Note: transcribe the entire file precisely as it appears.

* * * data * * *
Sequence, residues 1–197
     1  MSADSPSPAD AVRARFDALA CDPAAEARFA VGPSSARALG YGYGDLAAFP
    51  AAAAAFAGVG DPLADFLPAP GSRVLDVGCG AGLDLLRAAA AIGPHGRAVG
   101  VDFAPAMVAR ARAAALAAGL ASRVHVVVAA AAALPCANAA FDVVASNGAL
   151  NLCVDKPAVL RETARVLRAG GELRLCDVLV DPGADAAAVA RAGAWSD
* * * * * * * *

Sequence, residues 1–197
     1  MSADSPSPAD AVRARFDALA CDPAAEARFA VGPSSARALG YGYGDLAAFP
    51  AAAAAFAGVG DPLADFLPAP GSRVLDVGCG AGLDLLRAAA AIGPHGRAVG
   101  VDFAPAMVAR ARAAALAAGL ASRVHVVVAA AAALPCANAA FDVVASNGAL
   151  NLCVDKPAVL RETARVLRAG GELRLCDVLV DPGADAAAVA RAGAWSD